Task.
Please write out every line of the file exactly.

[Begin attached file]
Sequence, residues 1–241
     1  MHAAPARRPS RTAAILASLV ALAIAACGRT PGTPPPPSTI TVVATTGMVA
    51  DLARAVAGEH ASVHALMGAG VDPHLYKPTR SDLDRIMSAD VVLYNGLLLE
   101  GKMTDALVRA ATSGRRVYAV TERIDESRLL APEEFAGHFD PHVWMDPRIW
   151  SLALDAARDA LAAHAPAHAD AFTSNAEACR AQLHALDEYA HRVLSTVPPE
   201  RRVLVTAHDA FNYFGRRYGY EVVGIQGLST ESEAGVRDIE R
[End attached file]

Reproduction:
Sequence, residues 1–241
     1  MHAAPARRPS RTAAILASLV ALAIAACGRT PGTPPPPSTI TVVATTGMVA
    51  DLARAVAGEH ASVHALMGAG VDPHLYKPTR SDLDRIMSAD VVLYNGLLLE
   101  GKMTDALVRA ATSGRRVYAV TERIDESRLL APEEFAGHFD PHVWMDPRIW
   151  SLALDAARDA LAAHAPAHAD AFTSNAEACR AQLHALDEYA HRVLSTVPPE
   201  RRVLVTAHDA FNYFGRRYGY EVVGIQGLST ESEAGVRDIE R